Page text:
• Item 1-(b) can be claimed with item 2-(a) Enhanced Preventive Advice and Treatment (including Childsmile). To claim item 2-(a), 2 complete calendar months must have passed since the last item 2-(a) was claimed.

1-(c) Unscheduled Care Assessment and Treatment

  • This item is for use when a patient attends an unscheduled appointment as an emergency or has an acute condition and there is no other code in Determination I which can be claimed. The clinical examples listed under item 1-(c) are not exhaustive and it can be claimed for other clinically appropriate reasons, which should be recorded in the patients records for example:
    • managing lesions;
    • TMJ dysfunction;
    • temporary dressings;
    • recementing crowns;
    • any other scenario for which there is no other code that can be claimed.
  • Item 1-(c) must be claimed on its own. It can be claimed in addition to another examination/treatment item if unscheduled treatment is also required when a patient attends the practice, but the 1-(c) must be submitted as a separate claim.
  • If a patient is seen as an emergency and the full root canal course of treatment cannot be started at that appointment, but the dentist needs to drain the root canal, do a pulp extirpation, or incise an abscess, as a palliative for a patient in pain until they can be seen for a routine appointment to undertake the course of treatment, then a 1-(c) could be claimed for the unscheduled care appointment. Once the patient comes back to start the course of treatment then item 3-(f), (g), or (h) could be claimed (as appropriate) for the routine treatment. The 1-(c) should be submitted as a separate claim.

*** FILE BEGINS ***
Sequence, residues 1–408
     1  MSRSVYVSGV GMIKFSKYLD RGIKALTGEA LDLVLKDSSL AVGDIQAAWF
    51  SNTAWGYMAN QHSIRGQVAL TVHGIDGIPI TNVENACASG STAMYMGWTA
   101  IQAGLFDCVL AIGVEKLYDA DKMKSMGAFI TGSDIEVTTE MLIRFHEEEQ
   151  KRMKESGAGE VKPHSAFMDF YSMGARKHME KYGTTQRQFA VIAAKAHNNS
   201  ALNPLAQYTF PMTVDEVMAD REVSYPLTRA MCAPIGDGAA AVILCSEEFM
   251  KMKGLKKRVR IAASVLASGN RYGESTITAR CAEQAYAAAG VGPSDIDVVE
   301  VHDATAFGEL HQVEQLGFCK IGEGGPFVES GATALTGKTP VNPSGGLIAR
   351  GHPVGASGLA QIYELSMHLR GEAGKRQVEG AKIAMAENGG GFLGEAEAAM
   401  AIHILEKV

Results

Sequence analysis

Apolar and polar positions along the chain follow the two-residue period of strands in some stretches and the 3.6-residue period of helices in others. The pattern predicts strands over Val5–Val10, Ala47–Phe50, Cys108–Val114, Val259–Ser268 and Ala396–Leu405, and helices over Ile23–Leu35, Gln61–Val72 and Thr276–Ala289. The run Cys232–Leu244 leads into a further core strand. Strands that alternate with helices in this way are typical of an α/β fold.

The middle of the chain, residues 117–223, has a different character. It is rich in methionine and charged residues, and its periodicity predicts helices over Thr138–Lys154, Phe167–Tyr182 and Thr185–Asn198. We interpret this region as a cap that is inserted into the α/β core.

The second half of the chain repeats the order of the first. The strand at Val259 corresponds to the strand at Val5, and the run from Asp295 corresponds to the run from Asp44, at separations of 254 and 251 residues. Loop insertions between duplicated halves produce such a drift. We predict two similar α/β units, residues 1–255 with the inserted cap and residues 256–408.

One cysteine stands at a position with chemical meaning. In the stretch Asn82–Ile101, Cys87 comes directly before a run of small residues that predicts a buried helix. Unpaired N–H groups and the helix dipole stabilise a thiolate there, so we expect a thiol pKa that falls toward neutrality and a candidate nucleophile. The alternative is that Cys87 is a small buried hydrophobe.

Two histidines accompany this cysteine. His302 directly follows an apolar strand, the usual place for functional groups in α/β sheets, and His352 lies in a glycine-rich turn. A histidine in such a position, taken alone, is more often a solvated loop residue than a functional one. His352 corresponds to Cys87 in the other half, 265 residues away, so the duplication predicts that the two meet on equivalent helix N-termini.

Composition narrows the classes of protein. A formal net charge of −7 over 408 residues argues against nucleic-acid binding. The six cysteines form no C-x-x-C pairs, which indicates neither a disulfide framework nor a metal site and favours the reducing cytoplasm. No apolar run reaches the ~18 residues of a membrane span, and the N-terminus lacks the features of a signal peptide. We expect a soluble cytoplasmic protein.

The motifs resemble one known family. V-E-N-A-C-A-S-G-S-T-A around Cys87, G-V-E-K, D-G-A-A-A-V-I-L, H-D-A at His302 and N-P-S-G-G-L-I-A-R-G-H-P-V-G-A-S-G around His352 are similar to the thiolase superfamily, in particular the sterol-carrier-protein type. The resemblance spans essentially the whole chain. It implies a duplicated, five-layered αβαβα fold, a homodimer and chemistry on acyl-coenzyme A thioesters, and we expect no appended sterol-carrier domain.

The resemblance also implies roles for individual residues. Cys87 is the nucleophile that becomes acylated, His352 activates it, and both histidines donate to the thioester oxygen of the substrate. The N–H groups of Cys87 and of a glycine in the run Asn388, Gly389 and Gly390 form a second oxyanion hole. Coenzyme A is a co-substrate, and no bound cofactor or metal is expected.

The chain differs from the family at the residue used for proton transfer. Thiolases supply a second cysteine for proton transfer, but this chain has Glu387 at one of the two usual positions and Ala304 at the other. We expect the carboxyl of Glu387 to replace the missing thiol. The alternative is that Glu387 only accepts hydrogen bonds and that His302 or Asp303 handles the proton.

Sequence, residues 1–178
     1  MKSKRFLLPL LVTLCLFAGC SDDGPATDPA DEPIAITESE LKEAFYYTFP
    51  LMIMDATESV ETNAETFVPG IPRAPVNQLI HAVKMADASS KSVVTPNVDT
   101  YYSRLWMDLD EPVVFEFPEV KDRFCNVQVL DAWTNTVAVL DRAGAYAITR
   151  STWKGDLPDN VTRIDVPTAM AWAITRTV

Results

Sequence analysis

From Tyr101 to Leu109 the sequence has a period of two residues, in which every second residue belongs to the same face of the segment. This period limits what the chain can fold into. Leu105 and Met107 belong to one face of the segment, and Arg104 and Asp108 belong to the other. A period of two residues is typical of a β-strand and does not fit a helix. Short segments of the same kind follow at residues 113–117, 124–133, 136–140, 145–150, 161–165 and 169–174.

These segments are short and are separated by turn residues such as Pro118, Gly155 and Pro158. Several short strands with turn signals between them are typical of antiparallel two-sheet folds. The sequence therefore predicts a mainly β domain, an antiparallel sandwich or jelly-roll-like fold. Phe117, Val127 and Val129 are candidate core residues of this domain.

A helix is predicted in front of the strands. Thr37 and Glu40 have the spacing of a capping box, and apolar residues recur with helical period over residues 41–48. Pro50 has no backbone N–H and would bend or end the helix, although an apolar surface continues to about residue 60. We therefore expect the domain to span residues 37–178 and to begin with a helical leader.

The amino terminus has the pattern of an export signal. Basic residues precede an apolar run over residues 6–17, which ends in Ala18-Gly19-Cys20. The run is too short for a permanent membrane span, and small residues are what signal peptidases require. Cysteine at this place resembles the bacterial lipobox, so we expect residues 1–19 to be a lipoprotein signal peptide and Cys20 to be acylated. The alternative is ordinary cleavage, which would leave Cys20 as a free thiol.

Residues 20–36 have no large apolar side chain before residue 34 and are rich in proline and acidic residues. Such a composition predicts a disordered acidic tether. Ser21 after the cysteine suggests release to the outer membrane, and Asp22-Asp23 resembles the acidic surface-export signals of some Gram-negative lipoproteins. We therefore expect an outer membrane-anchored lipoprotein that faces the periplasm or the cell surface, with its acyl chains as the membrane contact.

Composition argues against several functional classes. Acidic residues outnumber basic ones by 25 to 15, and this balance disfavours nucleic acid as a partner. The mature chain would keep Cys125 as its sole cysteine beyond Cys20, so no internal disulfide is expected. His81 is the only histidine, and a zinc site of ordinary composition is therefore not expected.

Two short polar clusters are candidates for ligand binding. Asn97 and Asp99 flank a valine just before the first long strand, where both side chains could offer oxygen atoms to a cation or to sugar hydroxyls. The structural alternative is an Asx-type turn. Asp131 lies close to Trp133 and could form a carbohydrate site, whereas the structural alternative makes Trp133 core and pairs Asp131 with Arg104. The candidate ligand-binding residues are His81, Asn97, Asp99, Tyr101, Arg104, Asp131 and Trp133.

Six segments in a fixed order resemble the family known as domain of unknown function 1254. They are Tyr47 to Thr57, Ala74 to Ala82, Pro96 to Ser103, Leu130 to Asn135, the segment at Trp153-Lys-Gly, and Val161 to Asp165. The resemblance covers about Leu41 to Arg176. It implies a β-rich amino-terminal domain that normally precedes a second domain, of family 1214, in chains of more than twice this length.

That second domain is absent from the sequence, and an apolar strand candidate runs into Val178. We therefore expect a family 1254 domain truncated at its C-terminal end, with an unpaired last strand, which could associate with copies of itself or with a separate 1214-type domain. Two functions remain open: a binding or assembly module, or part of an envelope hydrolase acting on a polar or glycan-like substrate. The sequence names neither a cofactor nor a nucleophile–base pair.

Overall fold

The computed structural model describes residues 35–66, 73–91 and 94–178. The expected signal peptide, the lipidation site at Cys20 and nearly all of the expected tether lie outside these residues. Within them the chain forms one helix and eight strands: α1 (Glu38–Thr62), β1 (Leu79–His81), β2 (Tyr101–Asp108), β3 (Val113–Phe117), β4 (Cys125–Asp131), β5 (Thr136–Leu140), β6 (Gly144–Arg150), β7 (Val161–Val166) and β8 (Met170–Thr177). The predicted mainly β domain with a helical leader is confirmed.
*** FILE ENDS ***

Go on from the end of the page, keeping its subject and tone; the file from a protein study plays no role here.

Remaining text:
• Item 1-(c) cannot be claimed for the arrest of haemorrhage at the same appointment as item 5-(a) Extraction, 5-(b) Surgical Extraction or 5-(c) Advanced Surgical Dentistry. However, it can be claimed if a patient returns due to further bleeding for an unscheduled appointment later on the same day.

1-(d) Intraoral Radiograph

  • This item is claimed for all intraoral radiographs, their assessment and reporting. The fee is per radiograph.
  • Clinical discretion is required as per IR(ME)R guidance. There is no restriction on the number of radiographs, as long as there is clinical justification.

1-(e) Extraoral Radiograph

  • This item is claimed for all extraoral radiographs, their assessment and reporting and the fee is per radiograph.
  • Clinical discretion is required as per IR(ME)R guidance. There is no restriction on the number of radiographs, as long as there is clinical justification.

1-(f) Study Models (per set)

  • This item can be claimed for a single set of study casts or digital study models.
  • Photographs of study models are now routinely requested by Practitioner Services; therefore, duplicate study models cannot be claimed.
  • Item 1-(f) cannot be claimed for a patient more than once in any 11 complete calendar months. Where in connection with Orthodontic treatment, item 1-(f) can be claimed up to twice per course of treatment.